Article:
In 16th and 17th century Europe, there is a great spread of engravings and woodcuts. In some cases these are original works, such as the series of xylographs by Antonio Tempesta (1555-1630) to illustrate Ovid’s Metamorphoses; other times of reproductions, for popular purposes, of famous paintings and drawings by Raphael and other protagonists of the Renaissance (such as the engravings of Marcantonio Raimondi, 1480-1534). The technique of painted glass allowed to easily transpose the subjects of the engravings on the glass plate, thus transforming a work on paper into a small precious painting rich in reflections, to be framed and presented on the wall or to be used as decoration on the drawers of the cabinets era. It proceeded in this way: the prints, inked along the contours of the figures and the various elements of the scene, were applied to the glass from the reverse and then removed, so as to leave traces of the contours on the support, then filled with color.
The project involved a refunctionalization of the original walnut briar showcases from 1933 – commissioned specifically for this room by the then director Vittorio Viale – and an innovative study of the support surfaces, the lighting system and the graphics, completely renewed and enriched with new narrative systems that contribute to accentuate the emotional and educational aspect of the visit.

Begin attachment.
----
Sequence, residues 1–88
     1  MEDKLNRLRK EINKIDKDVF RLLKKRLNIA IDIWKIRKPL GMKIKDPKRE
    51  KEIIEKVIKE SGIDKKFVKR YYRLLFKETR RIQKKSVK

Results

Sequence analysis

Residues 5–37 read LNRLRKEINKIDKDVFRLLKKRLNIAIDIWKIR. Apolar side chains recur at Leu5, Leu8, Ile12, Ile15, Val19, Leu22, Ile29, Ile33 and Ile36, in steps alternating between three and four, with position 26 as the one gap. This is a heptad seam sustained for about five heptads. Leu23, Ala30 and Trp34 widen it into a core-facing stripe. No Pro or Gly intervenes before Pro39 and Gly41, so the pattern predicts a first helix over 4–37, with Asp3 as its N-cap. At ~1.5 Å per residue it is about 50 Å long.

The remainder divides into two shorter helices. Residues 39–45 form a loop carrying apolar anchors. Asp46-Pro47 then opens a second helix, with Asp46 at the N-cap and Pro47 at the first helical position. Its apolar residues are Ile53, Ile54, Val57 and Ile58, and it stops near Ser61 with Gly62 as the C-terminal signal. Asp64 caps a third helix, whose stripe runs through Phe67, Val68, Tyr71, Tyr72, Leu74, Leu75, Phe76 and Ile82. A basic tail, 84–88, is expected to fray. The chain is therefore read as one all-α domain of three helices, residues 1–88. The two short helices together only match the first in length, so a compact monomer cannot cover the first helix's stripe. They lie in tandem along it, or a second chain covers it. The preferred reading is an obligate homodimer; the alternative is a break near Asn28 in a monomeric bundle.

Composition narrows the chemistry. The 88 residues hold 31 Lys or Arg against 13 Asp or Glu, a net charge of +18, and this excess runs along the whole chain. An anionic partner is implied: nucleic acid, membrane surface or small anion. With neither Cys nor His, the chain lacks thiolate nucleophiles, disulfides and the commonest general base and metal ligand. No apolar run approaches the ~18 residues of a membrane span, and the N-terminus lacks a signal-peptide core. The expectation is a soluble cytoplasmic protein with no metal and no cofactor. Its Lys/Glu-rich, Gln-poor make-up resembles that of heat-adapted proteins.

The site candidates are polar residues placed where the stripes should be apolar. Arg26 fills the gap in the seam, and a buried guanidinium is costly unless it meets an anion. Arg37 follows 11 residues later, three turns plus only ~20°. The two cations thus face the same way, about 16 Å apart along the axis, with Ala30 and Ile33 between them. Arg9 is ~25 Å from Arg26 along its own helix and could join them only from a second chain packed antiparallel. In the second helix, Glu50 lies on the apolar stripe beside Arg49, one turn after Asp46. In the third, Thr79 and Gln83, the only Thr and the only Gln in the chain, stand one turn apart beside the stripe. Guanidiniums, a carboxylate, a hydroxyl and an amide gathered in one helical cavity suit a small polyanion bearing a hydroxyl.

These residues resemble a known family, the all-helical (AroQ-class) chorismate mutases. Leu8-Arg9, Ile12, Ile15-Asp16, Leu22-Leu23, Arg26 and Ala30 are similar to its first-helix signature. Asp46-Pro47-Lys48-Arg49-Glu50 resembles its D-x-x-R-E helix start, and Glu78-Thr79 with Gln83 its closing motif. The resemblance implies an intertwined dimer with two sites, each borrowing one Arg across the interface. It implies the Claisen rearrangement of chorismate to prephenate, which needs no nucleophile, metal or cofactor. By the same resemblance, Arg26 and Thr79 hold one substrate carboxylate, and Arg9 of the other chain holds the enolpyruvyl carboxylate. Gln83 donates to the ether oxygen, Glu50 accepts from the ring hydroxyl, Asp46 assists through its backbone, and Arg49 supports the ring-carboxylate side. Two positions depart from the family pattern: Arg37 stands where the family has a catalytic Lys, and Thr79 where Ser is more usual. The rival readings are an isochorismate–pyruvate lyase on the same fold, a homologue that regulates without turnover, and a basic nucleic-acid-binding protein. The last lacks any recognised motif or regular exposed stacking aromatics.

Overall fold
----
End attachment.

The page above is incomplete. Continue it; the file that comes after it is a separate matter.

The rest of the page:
There are many masterpieces on the route belonging to the museum’s collection of painted and gilded glass, which currently constitutes the richest collection in Italy and one of the most important in the world for historical and artistic value. Donated to the museum by Emanuele Taparelli d’Azeglio – a great collector of decorative arts and director of the Civic Museum of Turin until 1890 – this collection now has 190 specimens from the 13th to the 18th century.
The project also allowed the rediscovery and inclusion in the room of two exceptional works, both absolute novelties, in storage for more than 30 years and specially restored for the new set-up.
First of all, the Reliquary-acquasantino of the second half of the seventeenth century, a very rare piece purchased by the museum in 1881 at the behest of the director Emanuele d’Azeglio and then immediately sent to Murano, at the Compagnia Venezia Murano, to be restored. The work presents a type of decoration, with boquets of colored glass flowers, documented in the seventeenth century in Venice especially for the frames of large mirrors but hardly present in sacred furnishings and reliquaries of this type.